That child stands for all people who are not held in high regard, all those without a place, all those without a voice. Those who others label and call names to make themselves feel superior. Those who are seen as useless or no-hopers or just "Different.” We often pay lip service to the view that the "First shall be last" so long as we are not challenged to the test of accepting someone whom we consider a real "Outsider."

The theologian Karl Barth describes the radical acceptance of others as the basis of Christian Ethics. "To think of every human being, even the oddest, most villainous or miserable as one to whom Jesus Christ is brother and God is Father; and we have to deal with them on this assumption."

All of this brings us full circle to where we started, thinking about heroes and who is important and what it takes to be great. I very much doubt that anybody here will be running home to change the pictures on their walls or that any of us will go out and try and find a few pictures of Karl Barth, the disciples, or Jesus Himself in an effort to give ourselves good role models to follow.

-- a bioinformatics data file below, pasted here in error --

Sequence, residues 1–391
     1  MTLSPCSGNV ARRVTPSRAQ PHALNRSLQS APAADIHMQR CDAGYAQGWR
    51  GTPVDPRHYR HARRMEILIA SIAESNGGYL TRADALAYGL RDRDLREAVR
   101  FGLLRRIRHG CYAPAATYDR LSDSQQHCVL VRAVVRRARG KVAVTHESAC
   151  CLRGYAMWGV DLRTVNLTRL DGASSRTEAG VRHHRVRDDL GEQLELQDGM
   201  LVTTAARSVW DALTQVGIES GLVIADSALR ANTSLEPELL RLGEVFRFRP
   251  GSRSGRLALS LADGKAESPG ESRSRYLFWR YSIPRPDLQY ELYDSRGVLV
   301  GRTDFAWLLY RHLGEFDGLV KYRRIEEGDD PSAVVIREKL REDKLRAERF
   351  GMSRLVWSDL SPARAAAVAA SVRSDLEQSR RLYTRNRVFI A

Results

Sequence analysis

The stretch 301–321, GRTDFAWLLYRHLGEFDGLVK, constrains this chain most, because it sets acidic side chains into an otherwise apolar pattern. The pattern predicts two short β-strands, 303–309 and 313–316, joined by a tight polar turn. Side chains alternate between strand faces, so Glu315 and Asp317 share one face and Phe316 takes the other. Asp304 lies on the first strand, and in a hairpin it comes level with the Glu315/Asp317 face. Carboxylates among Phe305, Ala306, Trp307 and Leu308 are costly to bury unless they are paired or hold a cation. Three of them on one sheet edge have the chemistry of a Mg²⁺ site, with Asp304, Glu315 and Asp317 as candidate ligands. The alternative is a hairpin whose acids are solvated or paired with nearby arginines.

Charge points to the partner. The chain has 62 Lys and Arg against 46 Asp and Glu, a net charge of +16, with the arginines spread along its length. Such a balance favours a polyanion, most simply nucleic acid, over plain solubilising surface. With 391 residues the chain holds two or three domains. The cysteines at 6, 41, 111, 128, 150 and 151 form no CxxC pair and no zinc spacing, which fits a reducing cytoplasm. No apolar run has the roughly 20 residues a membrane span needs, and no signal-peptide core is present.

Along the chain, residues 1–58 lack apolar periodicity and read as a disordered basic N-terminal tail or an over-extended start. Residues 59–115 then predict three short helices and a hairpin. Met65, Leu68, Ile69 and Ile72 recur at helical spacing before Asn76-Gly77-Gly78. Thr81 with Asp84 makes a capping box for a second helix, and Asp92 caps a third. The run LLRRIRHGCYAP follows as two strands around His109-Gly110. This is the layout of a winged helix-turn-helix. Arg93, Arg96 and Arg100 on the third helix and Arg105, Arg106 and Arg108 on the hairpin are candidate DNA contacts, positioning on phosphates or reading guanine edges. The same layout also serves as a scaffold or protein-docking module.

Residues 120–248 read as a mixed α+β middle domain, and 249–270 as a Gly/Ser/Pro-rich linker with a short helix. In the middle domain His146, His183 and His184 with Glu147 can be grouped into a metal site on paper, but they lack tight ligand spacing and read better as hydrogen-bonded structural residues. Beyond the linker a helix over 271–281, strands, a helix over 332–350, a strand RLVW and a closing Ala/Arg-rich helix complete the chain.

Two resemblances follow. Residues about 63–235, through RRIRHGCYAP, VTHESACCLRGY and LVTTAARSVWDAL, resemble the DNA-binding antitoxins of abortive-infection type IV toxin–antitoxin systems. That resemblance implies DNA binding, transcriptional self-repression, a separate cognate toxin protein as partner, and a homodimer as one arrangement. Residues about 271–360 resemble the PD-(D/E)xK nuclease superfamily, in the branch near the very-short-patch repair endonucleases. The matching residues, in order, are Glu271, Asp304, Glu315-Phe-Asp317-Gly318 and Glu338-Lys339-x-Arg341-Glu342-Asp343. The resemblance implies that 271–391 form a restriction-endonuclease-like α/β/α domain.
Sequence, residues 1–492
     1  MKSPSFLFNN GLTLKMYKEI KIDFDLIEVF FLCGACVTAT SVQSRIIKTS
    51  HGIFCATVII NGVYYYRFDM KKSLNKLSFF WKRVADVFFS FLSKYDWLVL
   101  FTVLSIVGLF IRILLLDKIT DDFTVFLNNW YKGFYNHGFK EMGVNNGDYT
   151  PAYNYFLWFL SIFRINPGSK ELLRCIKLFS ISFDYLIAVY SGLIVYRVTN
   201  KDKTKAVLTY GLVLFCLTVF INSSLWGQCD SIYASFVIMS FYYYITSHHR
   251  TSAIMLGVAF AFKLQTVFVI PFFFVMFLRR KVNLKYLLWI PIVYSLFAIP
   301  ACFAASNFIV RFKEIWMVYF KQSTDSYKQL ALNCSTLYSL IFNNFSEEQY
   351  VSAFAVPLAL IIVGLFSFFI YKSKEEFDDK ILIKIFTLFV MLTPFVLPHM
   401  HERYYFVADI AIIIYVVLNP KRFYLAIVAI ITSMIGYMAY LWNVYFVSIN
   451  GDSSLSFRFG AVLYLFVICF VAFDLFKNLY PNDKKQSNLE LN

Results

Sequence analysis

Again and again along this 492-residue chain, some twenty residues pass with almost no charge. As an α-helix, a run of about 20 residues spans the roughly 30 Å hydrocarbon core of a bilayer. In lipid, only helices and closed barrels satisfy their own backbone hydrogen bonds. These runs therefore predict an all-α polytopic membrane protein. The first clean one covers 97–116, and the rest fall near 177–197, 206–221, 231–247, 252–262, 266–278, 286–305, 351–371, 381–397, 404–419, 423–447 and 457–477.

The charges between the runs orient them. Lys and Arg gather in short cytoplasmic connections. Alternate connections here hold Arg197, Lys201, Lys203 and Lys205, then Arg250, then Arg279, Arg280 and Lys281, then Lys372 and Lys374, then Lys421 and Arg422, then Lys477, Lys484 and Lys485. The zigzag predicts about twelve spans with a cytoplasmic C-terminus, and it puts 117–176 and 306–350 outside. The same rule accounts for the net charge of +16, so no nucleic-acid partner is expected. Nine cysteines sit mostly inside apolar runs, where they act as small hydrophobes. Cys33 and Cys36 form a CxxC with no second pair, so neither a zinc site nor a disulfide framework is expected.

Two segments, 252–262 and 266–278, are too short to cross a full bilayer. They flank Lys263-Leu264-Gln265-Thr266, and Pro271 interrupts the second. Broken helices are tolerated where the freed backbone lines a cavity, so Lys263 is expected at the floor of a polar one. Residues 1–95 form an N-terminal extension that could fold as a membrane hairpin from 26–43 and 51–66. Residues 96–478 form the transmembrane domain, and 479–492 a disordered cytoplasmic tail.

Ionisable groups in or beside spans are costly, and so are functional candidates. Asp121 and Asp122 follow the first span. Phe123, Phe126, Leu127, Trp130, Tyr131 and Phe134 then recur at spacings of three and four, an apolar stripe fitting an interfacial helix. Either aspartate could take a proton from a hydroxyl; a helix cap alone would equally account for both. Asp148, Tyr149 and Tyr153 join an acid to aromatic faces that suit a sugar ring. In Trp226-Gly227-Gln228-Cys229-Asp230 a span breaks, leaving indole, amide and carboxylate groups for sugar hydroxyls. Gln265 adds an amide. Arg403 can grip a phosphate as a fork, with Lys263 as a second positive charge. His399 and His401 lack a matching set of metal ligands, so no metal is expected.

Because, after all, greatness is about a lot more than image. It's not about looking good or even about winning the admiration of others. From the Kingdom perspective, a view which has the habit of turning everything upside down, greatness is measured by how great you make others feel. Importance is about what importance you give to others lives, particularly those whom the world denies any real significance.

A dieing man once said to Mother Teresa, "All my life I have lived like an animal. Now you are letting me die like a King".

You want to be great? You want to be important? Then forget about being great and being important and get on with the business of sharing the love that God has given you with a needy world. There's a hymn that speaks of Jesus in this way:-

"Thou who wast rich, beyond all measure,
All for our sake, becamest poor"

That is greatness. One who would rather die on a cross for our sake than see us divorced from God's love. One who prayed, for others, "Lord, not my will, but thine be done."